Sykes had made second-team All-American as a sophomore before slumping in 2000.  Sykes came into the 2001 campaign ready to show his detractors that he was a talent who could play on Sundays in the future.  To assist Sykes was a defensive front led by senior defensive tackle Justin Bannan, while senior safety Michael Lewis took on the task of leading the suspect secondary.  In 2000, Colorado’s defense had surrendered an average of 422.1 yards per game, 2nd worst in the Big 12, and a lowly 99th in the nation.  For the Buffs to improve, the defense would have to step up.

Colorado’s head coach Gary Barnett chose to see the Buffs’ cup as half full.

At a meeting of Big 12 coaches in Dallas in July, Barnett was asked if he felt his team could rebound and be considered as a dark-horse for the league title.  “Naw, we’re better than a dark-horse,” Barnett replied.  “We’re a contender.  We fully expect to be back in Dallas on December 1st (for the Big 12 Championship game).”  Barnett conceded that his prediction would raise some eyebrows, suggesting, “Now that’s a sound bite.”

Barnett carried his bold statement a step further, taking senior captains Andre Gurode and Michael Lewis, who were on hand for the media event, on a tour of Texas Stadium, site of the league title game, before returning to Boulder.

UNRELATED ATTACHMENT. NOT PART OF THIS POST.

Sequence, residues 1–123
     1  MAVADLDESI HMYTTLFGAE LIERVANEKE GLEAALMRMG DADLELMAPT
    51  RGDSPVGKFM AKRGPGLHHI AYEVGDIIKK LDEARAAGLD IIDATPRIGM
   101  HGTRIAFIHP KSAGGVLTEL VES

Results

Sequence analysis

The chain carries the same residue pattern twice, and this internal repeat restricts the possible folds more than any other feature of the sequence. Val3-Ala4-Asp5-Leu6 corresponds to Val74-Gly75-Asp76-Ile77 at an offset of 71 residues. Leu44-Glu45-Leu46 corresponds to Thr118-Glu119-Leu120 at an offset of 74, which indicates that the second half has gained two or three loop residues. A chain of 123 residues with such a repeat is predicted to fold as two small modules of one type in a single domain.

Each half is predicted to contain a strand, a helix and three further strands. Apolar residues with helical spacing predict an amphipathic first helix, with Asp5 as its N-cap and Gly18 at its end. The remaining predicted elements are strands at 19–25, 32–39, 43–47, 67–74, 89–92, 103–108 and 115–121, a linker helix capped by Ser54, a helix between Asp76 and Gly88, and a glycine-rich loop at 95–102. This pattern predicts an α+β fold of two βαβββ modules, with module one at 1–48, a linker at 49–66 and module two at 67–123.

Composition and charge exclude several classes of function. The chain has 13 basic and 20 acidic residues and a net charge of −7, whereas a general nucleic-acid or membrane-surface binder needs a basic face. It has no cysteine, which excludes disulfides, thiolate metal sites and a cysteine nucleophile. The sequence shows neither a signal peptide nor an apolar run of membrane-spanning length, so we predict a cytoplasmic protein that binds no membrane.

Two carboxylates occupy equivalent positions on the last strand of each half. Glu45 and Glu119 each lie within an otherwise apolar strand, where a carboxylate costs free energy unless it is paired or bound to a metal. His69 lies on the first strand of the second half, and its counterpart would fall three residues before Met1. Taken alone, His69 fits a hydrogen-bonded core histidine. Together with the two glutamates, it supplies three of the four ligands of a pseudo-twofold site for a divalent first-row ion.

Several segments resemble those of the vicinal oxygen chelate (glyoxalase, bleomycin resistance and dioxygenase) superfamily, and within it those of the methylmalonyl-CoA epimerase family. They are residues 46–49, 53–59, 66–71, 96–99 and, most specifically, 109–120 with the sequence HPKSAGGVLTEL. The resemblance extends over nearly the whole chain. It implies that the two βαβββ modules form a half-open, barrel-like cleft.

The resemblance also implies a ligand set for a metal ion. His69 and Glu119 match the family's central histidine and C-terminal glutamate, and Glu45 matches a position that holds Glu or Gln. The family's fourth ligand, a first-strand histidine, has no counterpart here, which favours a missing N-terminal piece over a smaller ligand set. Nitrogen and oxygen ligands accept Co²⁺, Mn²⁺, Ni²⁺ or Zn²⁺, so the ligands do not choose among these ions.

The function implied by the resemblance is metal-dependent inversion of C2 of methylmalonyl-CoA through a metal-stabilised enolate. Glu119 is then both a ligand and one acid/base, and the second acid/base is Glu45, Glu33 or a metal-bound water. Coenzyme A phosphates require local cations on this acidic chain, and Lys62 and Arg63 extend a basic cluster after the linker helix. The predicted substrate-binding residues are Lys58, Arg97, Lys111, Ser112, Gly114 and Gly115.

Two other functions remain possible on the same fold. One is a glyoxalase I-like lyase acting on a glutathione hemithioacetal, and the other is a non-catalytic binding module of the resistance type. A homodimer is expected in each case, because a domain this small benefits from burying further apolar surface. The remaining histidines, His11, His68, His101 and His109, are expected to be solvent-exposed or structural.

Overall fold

Nationally, the prognosticators either believed Barnett, or allowed the Buffs to live off of the goodwill of the past decade.  Despite coming off of a 3-8 season, the Buffs nearly cracked the 2001 preseason poll, coming in with enough votes to be listed at 27th.

Overall, the Florida Gators received enough support to be tabbed as the No. 1 team in the nation, but Miami was right behind.  In fact, Miami received more first place votes than Florida (33-20), but was listed at No. 2 based on overall points.  Defending national champion Oklahoma was picked to be the No. 3 team in the nation, receiving ten first place votes, followed closely by two Big 12 rivals.  Nebraska came in at No. 4 (four first place votes), with Texas being ranked No. 5 (five first place votes).  The only other Big 12 team to receive national recognition in the preseason poll was Kansas State, ranked 13th.

In addition to Nebraska, Texas, and Kansas State, the only team on Colorado’s 2001 schedule ranked in the preseason poll was Colorado State, tabbed as the 24th-best team in the nation.  As a result, while it was a tough slate, the Buffs’ 2001 schedule seemed easier than the one which had led to four opening losses in 2000.  In fact, a 5-0 opening run prior to hitting the KSU, Texas, Texas A&M trifecta seemed plausible.

It was a new year.  The Buffs had a stable full of returning talent.  The schedule was less arduous.  Perhaps the No. 27 ranking wasn’t out of line.  Perhaps there was reason for optimism.

Then the Buffs played their first game …